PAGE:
This record made in Los Angeles, California during July 1945 fettures Russell Jacquet, trumpet; Henry Coker, trombone; Illinois Jacquet, tenor sax; Arthur Dennis, contrabass; Sir Charles Thompson, piano; Ulysses Livingston, guitar; Billy Hadnott, bass; and Johnny Otis, drums.
Jean-Baptiste Illinois Jacquet (October 31, 1922 - July 22, 2004) was a pioneer of the honking tenor saxophone that became a regular feature of jazz playing and a hallmark of early rock and roll, Jacquet was a skilled and melodic improviser, both on up-tempo tunes and ballads. He doubled on the bassoon, one of only a few jazz musicians to use the instrument.
Jacquet was born to a Sioux mother and a Creole father in Broussard, Louisiana and moved to Houston, Texas, as an infant, and was raised there as one of six siblings. His father, Gilbert Jacquet, was a part-time bandleader. As a child he performed in his father's band, primarily on the alto saxophone. His older brother Russell Jacquet played trumpet and his brother Linton played drums.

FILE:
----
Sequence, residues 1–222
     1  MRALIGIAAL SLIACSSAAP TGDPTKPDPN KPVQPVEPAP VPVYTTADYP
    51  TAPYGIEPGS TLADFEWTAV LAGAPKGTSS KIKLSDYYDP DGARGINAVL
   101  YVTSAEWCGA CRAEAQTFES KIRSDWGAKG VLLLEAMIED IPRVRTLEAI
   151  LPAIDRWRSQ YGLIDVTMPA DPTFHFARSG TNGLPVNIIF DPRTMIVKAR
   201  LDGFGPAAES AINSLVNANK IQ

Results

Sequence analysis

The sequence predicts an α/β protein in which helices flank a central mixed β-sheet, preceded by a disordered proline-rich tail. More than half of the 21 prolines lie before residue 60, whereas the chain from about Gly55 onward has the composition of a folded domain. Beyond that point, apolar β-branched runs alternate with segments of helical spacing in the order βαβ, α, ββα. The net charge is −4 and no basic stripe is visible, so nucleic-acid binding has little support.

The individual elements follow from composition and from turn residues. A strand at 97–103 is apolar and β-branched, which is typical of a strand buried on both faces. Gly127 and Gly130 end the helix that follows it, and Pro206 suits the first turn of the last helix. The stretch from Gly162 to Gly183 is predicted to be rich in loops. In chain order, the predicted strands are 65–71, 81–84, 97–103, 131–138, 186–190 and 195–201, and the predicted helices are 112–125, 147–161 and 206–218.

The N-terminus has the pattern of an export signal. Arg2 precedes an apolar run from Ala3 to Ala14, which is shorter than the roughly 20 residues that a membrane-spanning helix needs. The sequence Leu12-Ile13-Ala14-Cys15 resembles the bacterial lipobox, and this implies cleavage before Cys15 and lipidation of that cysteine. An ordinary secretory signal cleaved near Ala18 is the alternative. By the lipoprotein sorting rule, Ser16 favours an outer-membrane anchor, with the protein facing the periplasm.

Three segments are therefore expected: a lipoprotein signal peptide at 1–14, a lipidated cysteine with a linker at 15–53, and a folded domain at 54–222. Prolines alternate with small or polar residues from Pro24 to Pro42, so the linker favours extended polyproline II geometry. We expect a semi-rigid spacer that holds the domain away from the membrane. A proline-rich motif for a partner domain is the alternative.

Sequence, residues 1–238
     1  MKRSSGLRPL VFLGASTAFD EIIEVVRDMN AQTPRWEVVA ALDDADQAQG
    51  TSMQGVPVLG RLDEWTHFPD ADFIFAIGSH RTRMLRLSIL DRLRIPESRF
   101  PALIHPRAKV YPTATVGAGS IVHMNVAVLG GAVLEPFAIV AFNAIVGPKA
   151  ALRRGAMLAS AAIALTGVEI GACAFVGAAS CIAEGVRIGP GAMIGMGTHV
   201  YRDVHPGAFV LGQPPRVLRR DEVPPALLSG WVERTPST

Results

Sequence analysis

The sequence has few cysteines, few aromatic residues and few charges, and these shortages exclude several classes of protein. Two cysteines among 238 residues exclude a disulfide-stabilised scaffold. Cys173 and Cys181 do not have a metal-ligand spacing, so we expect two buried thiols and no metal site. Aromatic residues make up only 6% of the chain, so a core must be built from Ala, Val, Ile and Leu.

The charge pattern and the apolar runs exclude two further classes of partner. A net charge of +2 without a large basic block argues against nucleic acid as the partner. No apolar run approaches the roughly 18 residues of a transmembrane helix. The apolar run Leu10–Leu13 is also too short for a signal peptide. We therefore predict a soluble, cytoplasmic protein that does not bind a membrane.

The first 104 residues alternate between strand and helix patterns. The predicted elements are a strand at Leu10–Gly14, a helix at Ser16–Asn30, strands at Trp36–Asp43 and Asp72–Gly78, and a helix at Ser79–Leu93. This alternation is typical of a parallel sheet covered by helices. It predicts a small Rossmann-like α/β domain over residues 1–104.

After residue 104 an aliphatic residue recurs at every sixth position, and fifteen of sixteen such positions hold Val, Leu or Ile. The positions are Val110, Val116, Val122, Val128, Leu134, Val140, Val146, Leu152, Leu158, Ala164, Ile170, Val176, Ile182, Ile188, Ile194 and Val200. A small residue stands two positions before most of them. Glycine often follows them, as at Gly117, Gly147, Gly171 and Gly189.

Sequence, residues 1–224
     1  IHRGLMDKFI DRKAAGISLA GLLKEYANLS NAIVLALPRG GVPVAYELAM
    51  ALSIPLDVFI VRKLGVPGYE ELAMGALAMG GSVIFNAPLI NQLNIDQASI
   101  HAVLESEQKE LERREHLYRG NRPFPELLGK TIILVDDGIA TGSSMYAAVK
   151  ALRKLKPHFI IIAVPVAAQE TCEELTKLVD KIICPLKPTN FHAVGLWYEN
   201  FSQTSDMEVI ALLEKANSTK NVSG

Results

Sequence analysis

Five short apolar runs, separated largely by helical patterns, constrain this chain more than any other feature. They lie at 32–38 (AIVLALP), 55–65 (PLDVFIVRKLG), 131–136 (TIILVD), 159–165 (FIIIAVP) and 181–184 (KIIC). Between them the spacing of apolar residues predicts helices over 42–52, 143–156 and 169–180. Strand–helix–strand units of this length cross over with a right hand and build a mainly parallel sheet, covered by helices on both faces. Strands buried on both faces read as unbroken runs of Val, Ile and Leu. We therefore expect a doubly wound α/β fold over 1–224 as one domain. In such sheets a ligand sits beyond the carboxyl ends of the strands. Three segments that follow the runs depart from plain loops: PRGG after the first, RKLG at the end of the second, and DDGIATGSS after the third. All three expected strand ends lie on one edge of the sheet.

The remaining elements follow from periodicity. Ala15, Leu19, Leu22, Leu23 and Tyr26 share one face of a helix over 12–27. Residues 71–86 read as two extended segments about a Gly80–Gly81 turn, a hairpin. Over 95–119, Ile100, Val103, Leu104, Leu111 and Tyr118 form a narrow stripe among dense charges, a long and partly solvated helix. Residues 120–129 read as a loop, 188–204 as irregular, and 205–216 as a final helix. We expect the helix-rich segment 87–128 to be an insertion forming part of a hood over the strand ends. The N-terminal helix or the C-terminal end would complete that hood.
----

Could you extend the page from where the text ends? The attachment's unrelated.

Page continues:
At 15, Jacquet began playing with the Milton Larkin Orchestra, a Houston-area dance band. In 1939, he moved to Los Angeles, California, where he met Nat King Cole. Jacquet would sit in with the trio on occasion. In 1940, Cole introduced Jacquet to Lionel Hampton who had returned to California and was putting together a big band. Hampton wanted to hire Jacquet, but asked the young Jacquet to switch to tenor saxophone.
In 1942, at age 19, Jacquet soloed on the Hampton Orchestra's recording of "Flying Home", one of the very first times a honking tenor sax was heard on record. The record became a hit and is recognized as the first R&B saxophone solo.